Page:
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La Bohème

Puccini

La Bohème

Joan Sutherland Theatre, Sydney Opera HouseJanuary 2 – 31, 2019
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Wed 2.1.19
7:30 PM
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Thu 3.1.19
7:30 PM
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Fri 4.1.19
7:30 PM
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Sat 5.1.19
7:30 PM
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Tue 8.1.19
7:30 PM
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Wed 9.1.19
7:30 PM
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Thu 10.1.19
7:30 PM
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Fri 11.1.19
7:30 PM
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Sat 12.1.19
7:30 PM
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Thu 17.1.19
7:30 PM
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Sat 19.1.19
7:30 PM
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Mon 21.1.19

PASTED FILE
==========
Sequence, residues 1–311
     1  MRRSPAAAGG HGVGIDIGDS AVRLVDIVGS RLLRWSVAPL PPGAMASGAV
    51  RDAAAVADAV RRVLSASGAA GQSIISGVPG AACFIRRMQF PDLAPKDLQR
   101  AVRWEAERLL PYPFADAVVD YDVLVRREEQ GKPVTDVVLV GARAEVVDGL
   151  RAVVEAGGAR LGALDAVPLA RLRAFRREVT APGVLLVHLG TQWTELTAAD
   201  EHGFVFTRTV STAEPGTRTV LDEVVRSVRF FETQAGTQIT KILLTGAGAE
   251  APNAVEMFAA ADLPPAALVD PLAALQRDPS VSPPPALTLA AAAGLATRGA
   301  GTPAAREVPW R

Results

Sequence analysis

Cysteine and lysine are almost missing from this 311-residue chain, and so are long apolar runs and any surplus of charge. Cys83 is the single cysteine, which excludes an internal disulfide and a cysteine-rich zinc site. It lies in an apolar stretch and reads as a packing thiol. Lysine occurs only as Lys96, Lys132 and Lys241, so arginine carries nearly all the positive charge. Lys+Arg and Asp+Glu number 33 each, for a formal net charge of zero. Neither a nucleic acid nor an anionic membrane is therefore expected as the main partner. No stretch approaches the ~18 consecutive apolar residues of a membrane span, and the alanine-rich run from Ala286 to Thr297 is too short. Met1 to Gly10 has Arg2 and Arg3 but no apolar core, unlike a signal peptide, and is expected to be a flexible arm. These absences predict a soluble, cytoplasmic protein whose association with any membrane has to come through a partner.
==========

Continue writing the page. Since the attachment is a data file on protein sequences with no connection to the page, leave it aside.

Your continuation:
7:30 PM
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Wed 23.1.19
7:30 PM
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Thu 31.1.19
7:30 PM
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With the flickering of a candle, love sparks. Two hands meet in the dark and four friends’ lives are changed forever.

The way first love grabs hold and floods you with something you’ve never felt before. The fire that burns the first time jealousy flares. The growing up you do in the instant that you realise love can’t last forever. Puccini takes these achingly human feelings and sets them to music — music that soars with the ecstasy of love, crackles with the pain of jealousy and cries with the agony of loss.

Some human emotions are too big for words alone, and for that, we have music. La Bohème exposes your soul to the feelings that only music can express.

Gale Edwards’ glittering production is set among the fishnets and fairy lights of 1930s bohemian Berlin.


Conductor

Benjamin Northey (31 Dec–12 Jan)
Nicholas Milton
(from 12 Jan)

Director Gale Edwards
Revival Director Hugh Halliday
Set Designer Brian Thomson
Costume Designer Julie Lynch
Lighting Designer John Rayment
Assistant Director Liesel Badorrek
   
Mimì Joyce El-Khoury (3, 5, 8, 10, 12, 17, 19 Jan)
Maija Kovalevska (2, 4, 9, 11, 21, 23, 31 Jan)
Rodolfo

Ivan Magrì (Jan 3, 5, 8, 10, 12, 17, 19 Jan)
Diego Torre (2, 4, 9, 11, 21, 23, 31 Jan)

Musetta